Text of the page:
• What can science do against deadly snake venom?
    For centuries, there have been constant quests for beating snake venom and reversing its poison into medicinal use, but success still proves elusive.
  • 5 horrific healthcare jobs from the past
    Despite the old-world glamour it holds, the past is not missed for its healthcare. Medicine based on superstition and early science brought about some of the strangest occupations in the medical field.
  • Using virtual reality as pain relief: Fact or fiction?
    Researchers have been studying virtual reality’s ability to help in relieving pain for patients, and studies have shown its efficacy in providing an effective distraction from painful medical procedures.
  • News Bites: Pill to cure Type 2 diabetes, A vaccine for acne and a portable artificial lung
    This week, US researchers have developed an artificial lung that could soon become portable and a possible cure for HIV by tethering antibodies to HIV-infected cells. Swiss researchers on the other hand, have developed a highly sensitive camera system to replace inaccurate skin sensors to monitor preemies.
  • 8 medical procedures: Then and now
    Many medical methods have evolved dramatically since their conception. Some seem outlandish and brutal, but they have contributed to our understanding of medicine and how the human body works.
  • New video consultation platform launched in Singapore’s hospitals
    Six public healthcare institutions in Singapore have launched the new national video conferencing system that will allow patients to consult their doctors or pharmacist through the Web or via smartphones.
  • FDA approves sale of genetic tests for disease risk
    For the first time, FDA allows a company to sell the first home DNA tests for ten diseases directly to consumers. However, some are questioning whether patients will end up misinterpreting some of the data presented.
  • Making telemedicine profitable for your practice
    Telemedicine is still considered a new technology in the world of medicine, but some medical practices are already finding ways to maximise its economic potential and increase profitability from it.
  • Canadian doctors identify new genetic disorder in children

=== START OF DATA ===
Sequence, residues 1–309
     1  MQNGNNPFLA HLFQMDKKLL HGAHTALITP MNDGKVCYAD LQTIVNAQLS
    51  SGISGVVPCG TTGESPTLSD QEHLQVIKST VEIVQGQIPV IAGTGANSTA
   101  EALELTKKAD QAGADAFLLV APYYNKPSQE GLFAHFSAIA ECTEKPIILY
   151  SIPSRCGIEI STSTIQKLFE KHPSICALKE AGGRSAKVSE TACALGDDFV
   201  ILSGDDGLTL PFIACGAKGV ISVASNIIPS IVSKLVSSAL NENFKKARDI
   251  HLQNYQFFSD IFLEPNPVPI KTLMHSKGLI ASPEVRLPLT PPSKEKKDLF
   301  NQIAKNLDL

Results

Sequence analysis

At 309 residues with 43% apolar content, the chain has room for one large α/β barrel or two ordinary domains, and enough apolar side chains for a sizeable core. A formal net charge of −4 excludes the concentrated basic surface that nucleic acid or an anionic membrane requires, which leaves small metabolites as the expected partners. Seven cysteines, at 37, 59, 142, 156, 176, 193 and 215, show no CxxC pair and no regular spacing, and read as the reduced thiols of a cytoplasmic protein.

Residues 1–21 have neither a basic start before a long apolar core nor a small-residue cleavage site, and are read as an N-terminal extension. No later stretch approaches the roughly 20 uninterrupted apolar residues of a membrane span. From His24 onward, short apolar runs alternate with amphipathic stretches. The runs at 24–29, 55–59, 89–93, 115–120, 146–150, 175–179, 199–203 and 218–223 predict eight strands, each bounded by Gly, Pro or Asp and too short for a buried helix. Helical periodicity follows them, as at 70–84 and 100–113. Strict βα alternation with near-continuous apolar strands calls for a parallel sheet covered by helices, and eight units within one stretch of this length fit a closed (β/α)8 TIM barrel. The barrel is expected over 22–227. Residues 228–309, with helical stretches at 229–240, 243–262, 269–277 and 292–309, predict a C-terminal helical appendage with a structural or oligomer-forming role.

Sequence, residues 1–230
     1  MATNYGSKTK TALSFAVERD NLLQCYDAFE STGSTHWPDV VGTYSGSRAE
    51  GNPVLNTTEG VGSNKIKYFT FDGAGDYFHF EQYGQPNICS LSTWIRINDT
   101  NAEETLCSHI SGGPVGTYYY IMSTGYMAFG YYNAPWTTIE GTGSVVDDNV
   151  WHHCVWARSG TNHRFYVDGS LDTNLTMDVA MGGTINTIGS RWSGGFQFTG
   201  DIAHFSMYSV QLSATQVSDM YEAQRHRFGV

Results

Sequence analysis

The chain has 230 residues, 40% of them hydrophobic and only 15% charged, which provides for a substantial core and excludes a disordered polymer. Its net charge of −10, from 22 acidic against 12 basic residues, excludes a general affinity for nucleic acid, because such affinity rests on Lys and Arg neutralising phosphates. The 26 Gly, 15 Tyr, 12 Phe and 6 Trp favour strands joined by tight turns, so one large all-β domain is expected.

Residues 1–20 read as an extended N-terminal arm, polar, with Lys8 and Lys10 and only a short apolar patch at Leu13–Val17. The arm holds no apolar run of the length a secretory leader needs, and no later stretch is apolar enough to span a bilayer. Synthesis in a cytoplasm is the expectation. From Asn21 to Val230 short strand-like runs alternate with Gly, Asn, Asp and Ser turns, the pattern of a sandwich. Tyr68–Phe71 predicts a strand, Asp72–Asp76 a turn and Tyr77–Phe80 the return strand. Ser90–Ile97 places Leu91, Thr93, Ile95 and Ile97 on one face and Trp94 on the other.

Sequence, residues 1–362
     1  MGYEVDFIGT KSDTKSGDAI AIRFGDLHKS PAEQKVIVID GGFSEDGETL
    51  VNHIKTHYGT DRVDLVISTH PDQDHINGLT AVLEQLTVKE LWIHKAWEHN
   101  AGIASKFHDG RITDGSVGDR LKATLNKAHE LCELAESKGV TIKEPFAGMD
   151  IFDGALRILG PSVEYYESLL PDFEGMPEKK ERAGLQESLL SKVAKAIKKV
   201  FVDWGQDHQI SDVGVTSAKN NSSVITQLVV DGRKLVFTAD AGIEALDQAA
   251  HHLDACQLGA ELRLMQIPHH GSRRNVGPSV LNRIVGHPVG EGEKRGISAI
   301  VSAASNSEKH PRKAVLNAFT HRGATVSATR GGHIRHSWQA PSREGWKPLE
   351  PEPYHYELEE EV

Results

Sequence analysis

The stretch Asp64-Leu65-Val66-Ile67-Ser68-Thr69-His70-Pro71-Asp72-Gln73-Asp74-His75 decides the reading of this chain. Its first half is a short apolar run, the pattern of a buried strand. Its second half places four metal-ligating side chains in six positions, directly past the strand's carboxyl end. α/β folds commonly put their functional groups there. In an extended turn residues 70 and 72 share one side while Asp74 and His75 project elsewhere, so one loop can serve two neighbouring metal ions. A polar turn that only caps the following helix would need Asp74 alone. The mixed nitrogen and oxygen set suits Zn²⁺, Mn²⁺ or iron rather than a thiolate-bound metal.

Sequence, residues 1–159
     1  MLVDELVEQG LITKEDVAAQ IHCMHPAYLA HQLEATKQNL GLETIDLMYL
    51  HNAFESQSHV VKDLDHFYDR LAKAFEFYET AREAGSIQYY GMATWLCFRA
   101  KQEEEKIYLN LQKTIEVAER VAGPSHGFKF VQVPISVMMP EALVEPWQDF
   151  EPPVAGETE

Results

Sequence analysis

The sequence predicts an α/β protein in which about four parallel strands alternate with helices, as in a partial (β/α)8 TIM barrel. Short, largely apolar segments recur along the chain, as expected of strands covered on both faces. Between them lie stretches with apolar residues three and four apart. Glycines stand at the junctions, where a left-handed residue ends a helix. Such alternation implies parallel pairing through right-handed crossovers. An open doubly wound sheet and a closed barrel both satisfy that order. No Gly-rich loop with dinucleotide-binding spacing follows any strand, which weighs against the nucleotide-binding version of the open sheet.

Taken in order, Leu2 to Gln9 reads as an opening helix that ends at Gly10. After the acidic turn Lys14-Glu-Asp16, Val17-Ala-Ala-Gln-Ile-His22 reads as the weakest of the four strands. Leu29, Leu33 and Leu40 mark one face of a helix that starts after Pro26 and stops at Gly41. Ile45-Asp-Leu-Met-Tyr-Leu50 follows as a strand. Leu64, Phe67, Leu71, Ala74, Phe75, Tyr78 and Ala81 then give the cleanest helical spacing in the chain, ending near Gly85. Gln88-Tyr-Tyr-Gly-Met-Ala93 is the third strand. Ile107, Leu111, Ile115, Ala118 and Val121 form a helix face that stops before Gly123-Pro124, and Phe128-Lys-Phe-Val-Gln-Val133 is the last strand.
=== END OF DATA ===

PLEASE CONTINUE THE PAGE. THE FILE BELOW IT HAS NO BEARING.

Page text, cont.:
A ten-year-old boy in Toronto has finally been diagnosed with a previously undiscovered genetic disorder that has plagued him with a myriad of symptoms his whole life.
  • News Bites: Cap-like device fights brain cancer, One-shot vaccinations for newborns might become reality
    This week, scientists have implanted eyes onto the tails of tadpoles while the one-shot vaccination for newborns might become a reality after a decade of research. A new lung probe can prevent misuse of antibiotics and doctors now have a non-invasive method to relieve urethra pressure from enlarged prostates. A gene-silencing drug to lower cholesterol levels has also shown positive results in trials.
  • The ethical reality of the first artificial insemination resulting in a live birth
    Assisted reproductive technologies (ART) have advanced exponentially since 1978, when Louise Brown, the world's first test tube baby, was born. But how did the idea of artificial insemination come about and was it deemed ethical?
  • How medtech startups are transforming healthcare in Asia
    There has been an increase in demand for high quality and affordable medtech products in Asia. Here we will look at how medtech startups are shaping the healthcare landscape in the region.
  • Boy’s giggly outbursts were signs of epileptic seizures
    Surgeons used a new minimally invasive technique to treat a nine-year-old boy’s epileptic seizures which were masked by spontaneous chuckles befitting a happy child.